When Hubby Tony and I were planning our mini vacation we arranged a cat sitter for five nights. We researched what there was to do in Eureka Springs and decided that three nights would give us time to take it all in. That meant we had two more nights to fill. We thought that maybe we would head to Branson. A couple of days before we left I ran into our downstairs neighbor and told her about our plans. She told me that based on her experience a couple of years ago Bentonville (Arkansas) would be a nice complement to our trip.
The only thing I knew about Bentonville was that it was the birthplace of Walmart. I learned that Alice Walton (the daughter of Sam Walton) had built a fabulous art museum, there were a lot of trails and public art, and the downtown area had great architecture. I came home and did an internet search, which confirmed everything my neighbor told me. I also found out that the city is a hub for bicycling, and calls itself the "mountain biking capital of the world".
Just like that our trip itinerary was set.
On Tuesday morning Tony and I said goodbye to Eureka Springs. Driving directly from there to Bentonville would have taken a little less than an hour, but we took a less-direct route. We stopped to see Beaver Lake, formed by a Corp of Engineers-built dam across the White River. At the last minute we had decided to bring our bikes, so we used them to ride through Pea Ridge National Military Park, a Civil War battlefield. We stopped for lunch. A little after 12:30 pm we were unlocking the door of our Airbnb apartment just off the downtown square.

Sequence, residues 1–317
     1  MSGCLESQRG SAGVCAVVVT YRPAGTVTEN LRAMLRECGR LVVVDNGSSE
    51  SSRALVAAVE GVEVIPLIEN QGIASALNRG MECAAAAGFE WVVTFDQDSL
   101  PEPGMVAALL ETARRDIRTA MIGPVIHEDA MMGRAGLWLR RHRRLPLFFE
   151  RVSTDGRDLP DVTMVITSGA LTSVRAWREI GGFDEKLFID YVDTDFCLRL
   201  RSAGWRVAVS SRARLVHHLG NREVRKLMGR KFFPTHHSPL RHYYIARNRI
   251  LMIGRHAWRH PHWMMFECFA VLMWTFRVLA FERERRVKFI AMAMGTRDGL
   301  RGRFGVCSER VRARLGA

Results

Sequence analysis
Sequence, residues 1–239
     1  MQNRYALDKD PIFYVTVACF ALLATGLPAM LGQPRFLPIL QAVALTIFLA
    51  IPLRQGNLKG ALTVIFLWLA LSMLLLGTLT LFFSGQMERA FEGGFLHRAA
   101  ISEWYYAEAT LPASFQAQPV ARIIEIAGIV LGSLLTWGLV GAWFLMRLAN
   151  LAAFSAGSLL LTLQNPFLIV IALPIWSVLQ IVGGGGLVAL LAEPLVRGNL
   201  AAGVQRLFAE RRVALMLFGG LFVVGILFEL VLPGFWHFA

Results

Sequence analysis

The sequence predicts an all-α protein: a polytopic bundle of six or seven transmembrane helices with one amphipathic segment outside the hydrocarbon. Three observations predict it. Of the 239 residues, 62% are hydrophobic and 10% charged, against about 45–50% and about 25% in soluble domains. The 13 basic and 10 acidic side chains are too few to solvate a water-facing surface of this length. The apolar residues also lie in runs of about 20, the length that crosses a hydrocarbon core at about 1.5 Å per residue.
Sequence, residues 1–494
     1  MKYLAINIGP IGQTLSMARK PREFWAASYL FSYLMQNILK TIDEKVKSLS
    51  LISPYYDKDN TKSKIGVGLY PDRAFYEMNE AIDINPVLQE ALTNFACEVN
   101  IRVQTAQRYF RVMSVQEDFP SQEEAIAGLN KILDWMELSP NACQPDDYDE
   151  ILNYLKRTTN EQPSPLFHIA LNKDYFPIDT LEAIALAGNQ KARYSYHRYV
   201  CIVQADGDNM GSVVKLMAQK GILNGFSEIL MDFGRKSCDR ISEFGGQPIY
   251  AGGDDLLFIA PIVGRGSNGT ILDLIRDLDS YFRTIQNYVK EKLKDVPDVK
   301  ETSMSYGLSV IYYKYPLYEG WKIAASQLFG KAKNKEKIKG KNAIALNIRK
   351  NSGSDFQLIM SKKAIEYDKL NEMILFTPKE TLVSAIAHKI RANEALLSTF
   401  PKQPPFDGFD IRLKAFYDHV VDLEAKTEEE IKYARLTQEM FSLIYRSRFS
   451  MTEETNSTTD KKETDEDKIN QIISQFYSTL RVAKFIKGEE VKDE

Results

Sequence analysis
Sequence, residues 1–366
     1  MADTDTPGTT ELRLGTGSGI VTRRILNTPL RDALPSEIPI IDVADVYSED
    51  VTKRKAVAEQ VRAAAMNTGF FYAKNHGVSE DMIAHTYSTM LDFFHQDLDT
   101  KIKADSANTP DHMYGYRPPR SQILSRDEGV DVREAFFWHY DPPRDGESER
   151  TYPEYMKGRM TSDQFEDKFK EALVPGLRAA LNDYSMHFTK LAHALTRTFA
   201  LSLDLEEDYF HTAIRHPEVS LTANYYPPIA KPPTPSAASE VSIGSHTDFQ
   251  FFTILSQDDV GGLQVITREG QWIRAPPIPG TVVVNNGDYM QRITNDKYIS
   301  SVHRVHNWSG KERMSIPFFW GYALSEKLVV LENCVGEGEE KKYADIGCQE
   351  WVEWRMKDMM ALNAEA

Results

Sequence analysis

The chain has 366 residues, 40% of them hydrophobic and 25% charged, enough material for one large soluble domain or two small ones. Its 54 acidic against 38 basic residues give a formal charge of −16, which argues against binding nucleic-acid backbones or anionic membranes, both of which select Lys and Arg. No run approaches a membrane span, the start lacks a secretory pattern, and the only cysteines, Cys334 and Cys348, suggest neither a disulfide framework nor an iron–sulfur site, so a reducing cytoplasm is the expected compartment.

We spent the afternoon wandering around downtown. I'm not the world's biggest Walmart fan, but the museum was interesting. The self-guided tour emptied out into a old-fashioned soda fountain. It was closed because of Covid, but the outside ordering windows were open for service and we got a snack.
The next morning we got out the bikes and took advantage of part of the Razorback Regional Greenway, which stretches for 38 miles. We were having a great time until somehow Tony's chain came off and got wedged behind the gear housing. There was a bike shop nearby, but they couldn't immediately fix the problem, so I rode to get the car and retrieved Tony and his bike.
In the afternoon we drove to the Crystal Bridges Museum of American Art, where we took in some of the galleries and walked around some of the outside trails. There's a Frank Lloyd house on site (moved from New Jersey) and we took a self-guided tour.
All good things have to come to an end, so after our second night in Bentonville we packed up the car and drove home. We got in mid-afternoon. Jackson the cat greeted us, then told us it was time for his lunch.